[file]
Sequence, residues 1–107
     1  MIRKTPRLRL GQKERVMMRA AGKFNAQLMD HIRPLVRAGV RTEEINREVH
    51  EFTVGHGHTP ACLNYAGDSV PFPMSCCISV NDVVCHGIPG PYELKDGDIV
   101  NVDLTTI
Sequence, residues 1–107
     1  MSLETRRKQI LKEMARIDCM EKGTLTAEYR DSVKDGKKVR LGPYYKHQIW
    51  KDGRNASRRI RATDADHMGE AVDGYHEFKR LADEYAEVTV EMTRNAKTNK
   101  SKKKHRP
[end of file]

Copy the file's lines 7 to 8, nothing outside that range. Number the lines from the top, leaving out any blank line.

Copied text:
    51  KDGRNASRRI RATDADHMGE AVDGYHEFKR LADEYAEVTV EMTRNAKTNK
   101  SKKKHRP